The then stalwarts and luminaries like Rabindranath Tagore; Mahatma Gandhi Dr. Abanindranath Tagore; Chakrabarty Rajagopalachari, Dr. Sarvapalli Radhakrishnan, Dr. Stella Cramrisch etc., all expressed their gratitude to Shri Gurusaday Dutt, (I. C. S. during British India), for his untiring endeavour to revitalize the obsolescent folk art of undivided Bengal which he collected from the remote parts of the province. They were of the same opinion that without the enthusiasm and energy of Shri Gurusaday Dutt, a heaven favour harbinger, the Herculean task of revival of our ancient culture could not have been done. It was he, who himself took up a great work and gave an impetus to the neo-Bengal school of art which others might well emulate.
Brief History: During his tenure as District Collector in the remote parts of the then Bengal, Shri Gurusaday Dutt (1882-1941), ICS, developed deep admiration understanding and interest for the rural folks and their rustic arts. To preserve, revive and revitalize the dying folk art traditions he collected between 1929 and 1939 about 2325 exquisite specimens including several heirlooms. As bequeathed by Shri Dutt, the whole collection, after his death in 1941, was handed over to the Bengal Bratachari Society which was also founded by him sometime earlier to preserve the Bengali folk traditions and culture.
In the year 1961, the Museum building was opened by Dr. Bidhan Chandra Ray, the then Chief Minister of West Bengal and on the 8th day of February, 1963, Professor Humayun Kabir, the then Union Minister of Education, Govt. of India declared the galleries open for the people.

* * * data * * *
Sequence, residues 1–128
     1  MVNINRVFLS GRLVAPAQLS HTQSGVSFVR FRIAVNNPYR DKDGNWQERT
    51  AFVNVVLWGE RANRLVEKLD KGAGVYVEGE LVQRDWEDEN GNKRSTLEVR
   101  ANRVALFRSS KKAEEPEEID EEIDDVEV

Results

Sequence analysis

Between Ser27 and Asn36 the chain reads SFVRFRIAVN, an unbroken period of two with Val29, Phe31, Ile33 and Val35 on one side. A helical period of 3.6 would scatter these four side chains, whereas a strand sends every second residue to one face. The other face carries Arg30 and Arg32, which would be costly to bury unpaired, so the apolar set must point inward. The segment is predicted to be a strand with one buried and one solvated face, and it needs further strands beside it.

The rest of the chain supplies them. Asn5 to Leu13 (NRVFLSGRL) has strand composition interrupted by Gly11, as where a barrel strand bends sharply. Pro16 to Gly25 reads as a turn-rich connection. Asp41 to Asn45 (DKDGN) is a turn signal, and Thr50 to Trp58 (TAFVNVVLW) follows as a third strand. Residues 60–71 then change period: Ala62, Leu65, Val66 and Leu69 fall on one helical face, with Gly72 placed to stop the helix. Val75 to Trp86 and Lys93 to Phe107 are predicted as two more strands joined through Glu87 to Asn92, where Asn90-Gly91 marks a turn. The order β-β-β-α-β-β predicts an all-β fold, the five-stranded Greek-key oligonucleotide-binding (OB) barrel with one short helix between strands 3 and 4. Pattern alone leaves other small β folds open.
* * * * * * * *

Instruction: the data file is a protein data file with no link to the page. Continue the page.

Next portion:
In the year 1984, the management of the Museum was transferred to the Gurusaday Dutt Folk Art Society, which has undertaken its development with the financial support from the Ministry of Textile, Government of India under an Agreement held on May, 23, 1984 between the President of India and the Bengal Bratachari Society. As per item no. 4 of the said Agreement, Government of India is to give all financial requirements to upkeep and maintain the Museum. Initially the grant, in question, were released through the Ministry of Textiles, Office of the Development Commissioner (Handicrafts), National Handicrafts & Handloom Museum from the year 1984-1985 to 1991-1992. Subsequently the grants were released directly from the Development Commissioner (Handicrafts), Office of the Development Commissioner (Handicrafts), Ministry of Textiles, Government of India, New Delhi since 1992-1993